If Lara Zarum has an actual point to make in her review of the premiere episode of season six of Game of Thrones, I don’t know what it is. I think the point is that she’s become bored by it all but, if so, she’s spent an awful lot of space to put across a simple idea.
She’s also displayed the trait that destroys a critic’s usefulness in society. She’s not alone in revealing her boredom, either. A.O. Scott, the principal movie reviewer for The New York Times, is also bored by it all, and resents the fact that Hollywood refuses to turn out the art-house movies he wishes all movies could be. A man or woman is entitled to hold a judgment, but when our boredom begins to show up in the work we do for a living, it’s time for a vacation.
A certain amount of boredom will set in the longer we do anything, but the solution was pointed to years ago by Truman Capote. He said, “If I’m ever bored by something, I study it to figure out why I’m bored. Pretty soon, I’m not bored anymore.” The mistake Ms. Zarum makes is to believe that the hoopla surrounding the premiere is the same thing as the premiere itself. It wasn’t and it isn’t. The episode itself was well done, and the season itself promises to be fresh, as there is no more material from the published books to draw upon.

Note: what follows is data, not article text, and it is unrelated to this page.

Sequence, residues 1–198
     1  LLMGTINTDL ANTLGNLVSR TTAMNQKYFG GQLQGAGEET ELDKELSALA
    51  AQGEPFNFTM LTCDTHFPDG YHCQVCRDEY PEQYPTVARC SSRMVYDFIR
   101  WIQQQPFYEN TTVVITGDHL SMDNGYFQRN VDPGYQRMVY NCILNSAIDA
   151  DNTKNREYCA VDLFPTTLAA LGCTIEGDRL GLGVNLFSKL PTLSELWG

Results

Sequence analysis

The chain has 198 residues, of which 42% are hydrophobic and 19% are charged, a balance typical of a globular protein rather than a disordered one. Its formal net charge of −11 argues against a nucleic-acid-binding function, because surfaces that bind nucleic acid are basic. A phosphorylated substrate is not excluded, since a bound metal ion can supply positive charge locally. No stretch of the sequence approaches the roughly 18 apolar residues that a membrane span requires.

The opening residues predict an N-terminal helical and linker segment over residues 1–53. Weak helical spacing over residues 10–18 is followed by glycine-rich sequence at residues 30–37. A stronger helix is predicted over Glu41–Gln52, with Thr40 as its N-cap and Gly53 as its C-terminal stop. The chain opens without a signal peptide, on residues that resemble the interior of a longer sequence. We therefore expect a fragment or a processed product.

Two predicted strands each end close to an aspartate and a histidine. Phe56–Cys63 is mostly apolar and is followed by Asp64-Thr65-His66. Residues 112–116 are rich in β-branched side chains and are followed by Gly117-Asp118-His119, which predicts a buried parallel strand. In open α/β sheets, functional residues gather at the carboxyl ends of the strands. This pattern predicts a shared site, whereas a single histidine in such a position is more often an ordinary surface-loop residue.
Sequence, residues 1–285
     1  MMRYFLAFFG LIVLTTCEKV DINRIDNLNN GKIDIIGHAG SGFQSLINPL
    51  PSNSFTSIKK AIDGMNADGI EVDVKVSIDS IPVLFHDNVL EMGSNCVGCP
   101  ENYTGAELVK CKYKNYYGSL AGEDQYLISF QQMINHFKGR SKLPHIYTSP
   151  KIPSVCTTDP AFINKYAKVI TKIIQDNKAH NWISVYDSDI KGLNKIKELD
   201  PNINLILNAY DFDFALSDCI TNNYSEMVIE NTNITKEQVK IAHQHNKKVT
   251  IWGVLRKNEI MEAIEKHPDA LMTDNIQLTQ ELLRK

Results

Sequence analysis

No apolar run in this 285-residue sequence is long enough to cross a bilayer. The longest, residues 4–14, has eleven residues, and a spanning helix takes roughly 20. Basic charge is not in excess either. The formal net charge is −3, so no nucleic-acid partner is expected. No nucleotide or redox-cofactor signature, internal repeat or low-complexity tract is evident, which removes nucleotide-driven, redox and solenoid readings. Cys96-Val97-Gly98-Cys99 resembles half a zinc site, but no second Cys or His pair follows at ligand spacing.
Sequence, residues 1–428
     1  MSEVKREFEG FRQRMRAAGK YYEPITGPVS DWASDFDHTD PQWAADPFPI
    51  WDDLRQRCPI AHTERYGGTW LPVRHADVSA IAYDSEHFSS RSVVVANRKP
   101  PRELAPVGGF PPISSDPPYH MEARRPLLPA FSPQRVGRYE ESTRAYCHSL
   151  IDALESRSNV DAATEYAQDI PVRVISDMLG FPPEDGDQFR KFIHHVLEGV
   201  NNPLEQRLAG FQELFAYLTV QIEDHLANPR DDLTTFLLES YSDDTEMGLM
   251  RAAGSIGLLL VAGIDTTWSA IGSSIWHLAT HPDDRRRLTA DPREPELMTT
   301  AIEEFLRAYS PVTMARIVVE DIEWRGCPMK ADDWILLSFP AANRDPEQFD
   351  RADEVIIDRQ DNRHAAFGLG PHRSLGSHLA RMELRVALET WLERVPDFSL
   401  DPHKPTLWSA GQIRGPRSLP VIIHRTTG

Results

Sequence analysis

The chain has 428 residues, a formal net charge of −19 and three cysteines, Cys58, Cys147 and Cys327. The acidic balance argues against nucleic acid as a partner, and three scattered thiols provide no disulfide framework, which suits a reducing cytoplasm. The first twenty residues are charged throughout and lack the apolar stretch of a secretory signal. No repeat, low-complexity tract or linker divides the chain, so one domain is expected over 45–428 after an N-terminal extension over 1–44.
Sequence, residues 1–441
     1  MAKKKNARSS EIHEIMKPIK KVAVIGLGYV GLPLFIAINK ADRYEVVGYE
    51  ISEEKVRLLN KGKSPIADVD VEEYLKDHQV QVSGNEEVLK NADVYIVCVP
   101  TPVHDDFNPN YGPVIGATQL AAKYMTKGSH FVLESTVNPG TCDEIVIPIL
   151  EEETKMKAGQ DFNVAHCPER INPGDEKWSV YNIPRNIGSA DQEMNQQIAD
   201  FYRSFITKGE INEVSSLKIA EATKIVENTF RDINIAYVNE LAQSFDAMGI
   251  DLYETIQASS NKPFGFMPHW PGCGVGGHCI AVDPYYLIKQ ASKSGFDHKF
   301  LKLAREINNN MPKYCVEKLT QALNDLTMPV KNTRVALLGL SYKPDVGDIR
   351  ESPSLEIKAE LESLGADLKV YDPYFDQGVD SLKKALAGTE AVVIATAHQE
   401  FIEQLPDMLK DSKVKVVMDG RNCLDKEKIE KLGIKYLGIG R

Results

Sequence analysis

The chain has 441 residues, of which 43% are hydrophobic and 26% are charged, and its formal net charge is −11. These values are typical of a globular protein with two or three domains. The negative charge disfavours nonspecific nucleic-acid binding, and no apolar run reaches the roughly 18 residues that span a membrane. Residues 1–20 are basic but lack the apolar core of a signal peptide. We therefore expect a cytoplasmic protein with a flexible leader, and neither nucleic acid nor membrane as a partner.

I can sympathize with Ms. Zarum in her lament that there’s a tremendous number of shows and movies clamoring for our attention. Unlike her, I have the option of simply not watching most of them, and I don’t. But that doesn’t let her off the hook. Even a critic responsible for giving us a sense of an entire field has to be selective, and Ms. Zarum should be. If she must watch shows she doesn’t like, she has to choose either to not review them or tell us why they fall short. Roger Ebert, the finest, most generous movie critic America has ever produced, reviewed many, many movies he found positively dreadful, but he always explained why they were bad in literate, thoughtful prose. And he never lost his enthusiasm for his subject. His work is the standard of criticism to which I would point us all.
Being boring–or bored–was never an option for Ebert. It ought not to be an option for any of us who write.